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Tarka society is extremely stratified, with many castes and many tiers of hierarchy in every walk of life.

Birth is the primary determining factor in caste. Through wealth one can bend the system and bend its hierarchical rules, and through exceptional achievement one can transcend them. A Tarka's caste is determined by the mother's position, not the father's. And all things are relative.

The bureaucratic caste has many subdivisions. Many are born and educated within the bureaucratic castes, but it is also relatively easy for a Tarka with ability to enter, provided he/she can pass the entrance examinations, and find a family or clan willing to take them. In other words — just about any Tarka who is physically attractive, literate and good at math can become an administrator.

There is an entire caste of assassins among the Tarka, with individual clans that specialize in certain methods. There is also a caste of torturers and interrogators, also with sub–clans, not to mention a caste of thieves — many of whom specialize in robbery, piracy or other criminal activities which may involve the deaths of others. There is a good reason that personal defense, armed and unarmed combat are skills that every Tarka child learns as early and as well as possible.

Emperors are chosen from the hereditary Kona castes.

Talent and beauty are always the mobilizing forces of Tarka society. Almost any family or clan, even the poorest, has an eye out to its own best interests, and is willing to take on a new member of the group if they can see how this person will contribute. If you are married into a certain family, you are expected to learn the clan trade and find some way to make yourself useful to them — this is how you prove your value and gain influence and privileges.

Reproductive viability for Tarka males is a privilege with a high premium, and a prize which every junior male desires. There are many Changed males in all castes — there are simply more in the upper castes. Unfortunately, achieving the Change is often difficult for Tarka males who have not been born into a family with great wealth and power — reproductive viability carries a high premium and many females must cooperate in order to raise one male to full maturity. Accordingly, males who cannot buy their way into this favored state must earn it and are highly motivated to do so through success in their careers.

Male Tarka are discriminated against in the majority of educated professions, and are unlikely to rise high in any field which does not involve a great deal of creative passion, personal risk or violence. Although they are not forbidden to become diplomats, scientists, technicians or academics, they are subjected to a great deal of sexual prejudice and it is difficult for them to be taken seriously by their entrenched female counterparts. By contrast, a sizable majority of Tarka in high–risk physical pursuits are male — common soldiers, firefighters, pilots, spacers, miners etc. — and the same is true of many creative and artistic fields, where the stereotype of the impassioned male Tarka is not considered a drawback.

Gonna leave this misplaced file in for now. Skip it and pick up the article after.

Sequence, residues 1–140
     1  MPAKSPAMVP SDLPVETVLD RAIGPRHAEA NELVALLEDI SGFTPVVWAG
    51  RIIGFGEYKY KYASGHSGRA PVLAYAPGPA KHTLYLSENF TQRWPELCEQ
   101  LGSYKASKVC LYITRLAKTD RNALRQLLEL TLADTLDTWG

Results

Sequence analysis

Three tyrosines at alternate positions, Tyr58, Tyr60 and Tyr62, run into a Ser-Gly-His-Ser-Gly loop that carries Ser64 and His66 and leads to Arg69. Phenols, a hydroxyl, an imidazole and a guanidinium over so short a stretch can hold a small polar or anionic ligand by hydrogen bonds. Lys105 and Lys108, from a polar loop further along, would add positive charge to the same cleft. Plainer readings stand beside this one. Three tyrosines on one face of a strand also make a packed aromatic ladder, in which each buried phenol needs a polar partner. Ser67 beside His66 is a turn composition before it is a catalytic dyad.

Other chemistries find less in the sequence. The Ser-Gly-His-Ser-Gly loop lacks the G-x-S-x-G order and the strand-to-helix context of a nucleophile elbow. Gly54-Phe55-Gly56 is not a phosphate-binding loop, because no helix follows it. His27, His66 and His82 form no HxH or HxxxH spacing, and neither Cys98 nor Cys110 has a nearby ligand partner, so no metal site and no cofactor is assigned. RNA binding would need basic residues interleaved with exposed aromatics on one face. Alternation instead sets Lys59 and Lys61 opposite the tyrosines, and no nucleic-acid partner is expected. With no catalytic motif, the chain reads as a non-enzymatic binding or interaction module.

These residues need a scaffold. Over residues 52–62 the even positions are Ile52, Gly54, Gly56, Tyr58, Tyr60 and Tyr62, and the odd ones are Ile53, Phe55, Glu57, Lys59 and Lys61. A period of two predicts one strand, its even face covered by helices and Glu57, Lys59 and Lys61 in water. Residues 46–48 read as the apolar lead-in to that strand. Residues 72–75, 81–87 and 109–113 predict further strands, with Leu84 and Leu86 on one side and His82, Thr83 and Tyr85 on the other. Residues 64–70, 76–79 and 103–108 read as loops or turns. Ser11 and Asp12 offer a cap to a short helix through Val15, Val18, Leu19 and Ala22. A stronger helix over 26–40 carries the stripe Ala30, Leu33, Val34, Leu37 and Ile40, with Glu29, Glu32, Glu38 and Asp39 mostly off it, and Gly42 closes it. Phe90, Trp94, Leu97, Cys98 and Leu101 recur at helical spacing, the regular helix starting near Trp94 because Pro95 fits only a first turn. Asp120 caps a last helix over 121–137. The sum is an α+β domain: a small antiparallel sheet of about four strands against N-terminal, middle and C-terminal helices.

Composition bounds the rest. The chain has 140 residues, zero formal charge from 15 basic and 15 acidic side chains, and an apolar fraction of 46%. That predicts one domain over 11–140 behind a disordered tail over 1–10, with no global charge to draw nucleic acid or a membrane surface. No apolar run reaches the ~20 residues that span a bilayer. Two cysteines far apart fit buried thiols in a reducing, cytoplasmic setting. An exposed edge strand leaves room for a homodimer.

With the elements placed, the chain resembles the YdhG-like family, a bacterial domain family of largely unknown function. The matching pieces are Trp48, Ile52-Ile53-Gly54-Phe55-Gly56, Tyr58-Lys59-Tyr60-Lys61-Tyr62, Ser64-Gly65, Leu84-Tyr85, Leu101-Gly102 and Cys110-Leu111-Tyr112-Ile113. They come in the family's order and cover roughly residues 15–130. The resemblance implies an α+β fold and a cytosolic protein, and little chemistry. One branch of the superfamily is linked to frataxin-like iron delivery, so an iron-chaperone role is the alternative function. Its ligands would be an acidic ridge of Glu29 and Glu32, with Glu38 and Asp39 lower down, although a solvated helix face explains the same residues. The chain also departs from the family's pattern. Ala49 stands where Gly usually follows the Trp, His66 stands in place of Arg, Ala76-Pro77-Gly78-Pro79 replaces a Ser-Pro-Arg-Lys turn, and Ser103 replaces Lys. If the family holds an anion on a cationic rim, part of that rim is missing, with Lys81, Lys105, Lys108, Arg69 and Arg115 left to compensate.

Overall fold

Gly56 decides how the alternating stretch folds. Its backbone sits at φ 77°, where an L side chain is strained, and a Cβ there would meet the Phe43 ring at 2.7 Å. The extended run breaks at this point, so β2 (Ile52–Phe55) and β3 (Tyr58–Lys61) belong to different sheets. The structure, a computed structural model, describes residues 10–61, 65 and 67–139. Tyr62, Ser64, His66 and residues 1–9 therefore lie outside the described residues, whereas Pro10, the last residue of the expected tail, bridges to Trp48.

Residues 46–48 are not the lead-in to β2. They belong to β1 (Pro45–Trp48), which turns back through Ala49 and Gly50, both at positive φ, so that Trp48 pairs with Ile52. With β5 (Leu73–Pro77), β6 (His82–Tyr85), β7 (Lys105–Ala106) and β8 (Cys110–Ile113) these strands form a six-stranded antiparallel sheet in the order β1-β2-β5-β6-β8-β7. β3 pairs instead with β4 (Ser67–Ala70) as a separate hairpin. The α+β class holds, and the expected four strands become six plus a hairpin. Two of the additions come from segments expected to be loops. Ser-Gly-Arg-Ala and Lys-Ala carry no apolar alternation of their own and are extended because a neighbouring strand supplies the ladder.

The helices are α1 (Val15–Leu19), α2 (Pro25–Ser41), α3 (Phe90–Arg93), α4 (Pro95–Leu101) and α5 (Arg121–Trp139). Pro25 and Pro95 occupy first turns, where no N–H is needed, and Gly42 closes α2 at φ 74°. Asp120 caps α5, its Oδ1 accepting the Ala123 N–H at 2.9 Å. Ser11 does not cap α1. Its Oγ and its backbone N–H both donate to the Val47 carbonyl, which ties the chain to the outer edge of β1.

Those who are able to converse in Kona Kai, "the High Speech", are likely to be family of the Nine Emperors or the Supreme Commander.

There is both upward and downward mobility in Tarka society, although not for the reasons you might think. Birth is not a guarantee of continued nobility after the age of majority, and although many Tarka do pull a great many strings to further the ambitions and careers of their own progeny, others take a very cold "sink–or–swim" approach.

Tarka society is not patriarchal per se — nobility of offspring is not based on the male's social status — and there is very little security of position for inherited titles and property. Wherever you are in Tarka society, you can be virtually guaranteed that there will be several other Tarka wanting whatever you've got. The further up the social ladder you are, the more dangerous your position becomes. The lives of Imperial Tarka can be brutally short. (The Imperial Tarka are the members of the imperial caste, the pool of families from which heredity–based emperors are chosen.)

Individual mileage varies, but it is not at all unusual for Tarkasian females to be unbearable gender bigots, and to regard even Changed males as "sexy (and sometimes useful), but dumb". Many Tarka females develop a set of social skills to "handle" their men, both before and after the Change. In general, their respectful manner toward Changed males is simply a form of manipulation, especially if a male's "authority" is in a largely ceremonial role, as in the case of any given Emperor.

Most female Tarka prefer roles of clandestine authority — the worst of them regard it as simple common sense to stand behind a Changed male and direct him like a puppet, since he makes such a very large, loud and colorful distraction. How well this plan works out in practice, however, is open to question. Sexist Tarkasian females often run into the same problem that any sexists do — the members of the disparaged gender are seldom ALL as weak or stupid as you think...

When addressing superiors, referring to them by rank and surname is the norm. In an emergency, "kaan-dai" is addressed to the superior from whom you are receiving commands.

If a Tarka feels that death is coming inevitably and cannot be avoided by any means, he/she often prefers to choose the method of dying. Dignity and strength are about making choices, rather than having them made by others. Ergo, having someone ELSE throw you on a sword? Not a "good death" at all.

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